IS LANGUAGE PREFERENCE IN HISPANICS ASSOCIATED WITH PREGNANCY-RELATED WEIGHT CHANGE?

10.00
Hdl Handle:
http://hdl.handle.net/10755/157277
Type:
Presentation
Title:
IS LANGUAGE PREFERENCE IN HISPANICS ASSOCIATED WITH PREGNANCY-RELATED WEIGHT CHANGE?
Abstract:
IS LANGUAGE PREFERENCE IN HISPANICS ASSOCIATED WITH PREGNANCY-RELATED WEIGHT CHANGE?
Conference Sponsor:Western Institute of Nursing
Conference Year:2010
Author:Hackley, Barbara K., MSN, RN, CNM
P.I. Institution Name:Yale University
Title:Associate Professor
Contact Address:100 Church Street South, P.O.Box 9740, New Haven, CT, 06536, USA
Co-Authors:Kristopher Fennie; Jo Applebaum; Diane Berry; Gail D'Eramo Melkus
PURPOSES/AIMS: The purpose of this study was to describe the relationship between prenatal and postpartum weight patterns and acculturation among Hispanic women; Spanish preference indicating more identification with Hispanic culture and English preference indicating greater identification with White culture. The specific objectives were 1) to determine whether adherence rates to the Institute of Medicine prenatal weight gain recommendations or 2) weight loss by one year postpartum differed by language preference for self-identified Hispanic women. The long term goal is to identify pregnant women who may be at risk for long-term obesity.
BACKGROUND: Excessive prenatal weight gain has been found to be a risk factor for long-term obesity in White women. Compared to Non-Hispanic White women, Hispanic women are more likely to be overweight and to gain excessively in pregnancy, increasing their risk of pregnancy complications and the development, or worsening, of obesity. Health behaviors such as dietary intake and smoking vary by level of acculturation. Indicators of acculturation include length of residence, generational status, and language preference. Only language preference is commonly entered in health records.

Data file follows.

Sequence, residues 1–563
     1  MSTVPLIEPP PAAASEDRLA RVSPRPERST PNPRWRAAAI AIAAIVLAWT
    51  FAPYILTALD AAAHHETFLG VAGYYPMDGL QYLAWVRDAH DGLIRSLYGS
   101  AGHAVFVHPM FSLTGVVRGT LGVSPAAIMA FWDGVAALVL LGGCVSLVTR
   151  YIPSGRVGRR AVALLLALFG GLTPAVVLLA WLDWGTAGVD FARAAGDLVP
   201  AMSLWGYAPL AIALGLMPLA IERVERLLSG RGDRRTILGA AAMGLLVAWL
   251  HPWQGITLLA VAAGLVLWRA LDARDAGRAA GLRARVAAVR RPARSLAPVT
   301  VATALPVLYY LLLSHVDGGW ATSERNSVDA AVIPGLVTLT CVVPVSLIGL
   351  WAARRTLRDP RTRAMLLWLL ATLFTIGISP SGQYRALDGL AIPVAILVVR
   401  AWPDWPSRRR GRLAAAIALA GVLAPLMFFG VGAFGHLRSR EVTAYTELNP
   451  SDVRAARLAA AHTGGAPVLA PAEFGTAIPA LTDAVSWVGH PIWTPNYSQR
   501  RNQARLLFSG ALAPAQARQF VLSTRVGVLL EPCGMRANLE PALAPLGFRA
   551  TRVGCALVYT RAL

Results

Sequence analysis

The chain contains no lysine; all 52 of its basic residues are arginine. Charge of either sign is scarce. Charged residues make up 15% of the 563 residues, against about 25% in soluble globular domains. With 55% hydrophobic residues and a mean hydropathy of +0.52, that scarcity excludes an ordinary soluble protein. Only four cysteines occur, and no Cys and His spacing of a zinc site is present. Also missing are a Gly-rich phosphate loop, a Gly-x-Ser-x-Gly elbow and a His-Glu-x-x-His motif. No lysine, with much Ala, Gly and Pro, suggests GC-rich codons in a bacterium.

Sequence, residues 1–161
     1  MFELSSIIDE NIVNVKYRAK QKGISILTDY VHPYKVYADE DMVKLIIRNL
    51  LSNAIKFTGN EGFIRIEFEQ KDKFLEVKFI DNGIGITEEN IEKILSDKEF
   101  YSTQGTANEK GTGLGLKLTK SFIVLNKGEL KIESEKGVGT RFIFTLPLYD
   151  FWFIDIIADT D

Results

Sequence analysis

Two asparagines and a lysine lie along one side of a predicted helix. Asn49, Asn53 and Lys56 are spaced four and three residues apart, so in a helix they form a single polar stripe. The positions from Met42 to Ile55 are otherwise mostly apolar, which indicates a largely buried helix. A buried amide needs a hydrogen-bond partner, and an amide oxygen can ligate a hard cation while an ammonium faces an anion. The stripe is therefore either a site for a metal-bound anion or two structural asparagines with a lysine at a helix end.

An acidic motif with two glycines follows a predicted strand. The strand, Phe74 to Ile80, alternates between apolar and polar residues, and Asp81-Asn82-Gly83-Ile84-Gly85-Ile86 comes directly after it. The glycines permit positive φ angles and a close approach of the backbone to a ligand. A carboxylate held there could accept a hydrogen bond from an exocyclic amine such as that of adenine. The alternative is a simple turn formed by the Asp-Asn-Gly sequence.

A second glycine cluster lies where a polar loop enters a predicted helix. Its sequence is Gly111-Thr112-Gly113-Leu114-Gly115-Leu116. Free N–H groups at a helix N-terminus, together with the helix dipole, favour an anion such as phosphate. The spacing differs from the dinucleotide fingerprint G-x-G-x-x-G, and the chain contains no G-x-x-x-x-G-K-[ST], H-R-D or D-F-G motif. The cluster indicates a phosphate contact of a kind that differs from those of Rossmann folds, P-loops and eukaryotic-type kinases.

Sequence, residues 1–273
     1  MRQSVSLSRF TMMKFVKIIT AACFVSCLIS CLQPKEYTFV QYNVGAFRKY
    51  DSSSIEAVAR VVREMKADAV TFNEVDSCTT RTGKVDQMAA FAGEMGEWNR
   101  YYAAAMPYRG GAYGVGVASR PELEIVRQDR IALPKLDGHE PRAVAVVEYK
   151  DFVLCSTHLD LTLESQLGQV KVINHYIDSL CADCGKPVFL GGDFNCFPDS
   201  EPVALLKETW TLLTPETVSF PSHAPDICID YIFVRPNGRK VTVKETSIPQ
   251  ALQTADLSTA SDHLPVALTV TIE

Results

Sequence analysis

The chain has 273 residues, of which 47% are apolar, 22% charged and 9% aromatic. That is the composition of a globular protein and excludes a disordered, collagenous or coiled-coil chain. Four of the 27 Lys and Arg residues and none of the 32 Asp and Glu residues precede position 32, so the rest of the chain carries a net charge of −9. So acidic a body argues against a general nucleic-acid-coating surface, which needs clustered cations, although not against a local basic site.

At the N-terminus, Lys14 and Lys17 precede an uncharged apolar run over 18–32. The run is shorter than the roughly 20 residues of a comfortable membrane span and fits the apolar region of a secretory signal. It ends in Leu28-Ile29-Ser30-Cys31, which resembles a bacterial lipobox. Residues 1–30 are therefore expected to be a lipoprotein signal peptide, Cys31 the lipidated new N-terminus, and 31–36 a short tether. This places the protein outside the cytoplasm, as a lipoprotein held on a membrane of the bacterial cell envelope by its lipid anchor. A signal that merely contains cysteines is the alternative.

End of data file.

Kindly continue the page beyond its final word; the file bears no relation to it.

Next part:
METHODS: Data were abstracted from prenatal medical records of women seen in an urban community health center from 2000û2008. The sample included self-identified Hispanic women, English or Spanish-speaking, aged 16û40 years, with weight measured at equal to or less than 13 and at 37 weeks (third trimester) gestation. Exclusion criteria included diabetes, hypertension, other significant medical conditions or multiple gestations. Analysis was done using t-test, chi-square, and multivariate regression statistics.
RESULTS: Fifty two (20.1%) were primarily Spanish-speakers and 207 were primarily English-speakers. Overall, 43.6% exceeded prenatal weight gain recommendations; 30.8% of Spanish- speakers vs. 46.9% of English-speakers (P=.07). At late postpartum, 22.9% returned to their baseline body mass index (BMI +/- 0.5 kg/m2); Spanish-speakers retained 1.53 vs. 1.21 kg/m2 among English speakers. However, these patterns did not reach significance after adjusting for baseline BMI, age, and smoking.
IMPLICATIONS: Adherence to prenatal weight gain guidelines was poor. Few women returned to their baseline weight, regardless of language preference. While it did not reach significance, Hispanic Spanish-speakers tended to gain less weight in pregnancy and retain more weight postpartum. These results may be due to our relatively small sample size. Therefore, more studies of larger sample size are needed. Supported in part by grants T32 NR008346 to Margaret Grey and the Beatrice Renfield Grant to Barbara Hackley, Gail Melkus, and Diane Berry.
Repository Posting Date:
26-Oct-2011
Date of Publication:
17-Oct-2011
Sponsors:
Western Institute of Nursing

Full metadata record

DC FieldValue Language
dc.typePresentationen_GB
dc.titleIS LANGUAGE PREFERENCE IN HISPANICS ASSOCIATED WITH PREGNANCY-RELATED WEIGHT CHANGE?en_GB
dc.identifier.urihttp://hdl.handle.net/10755/157277-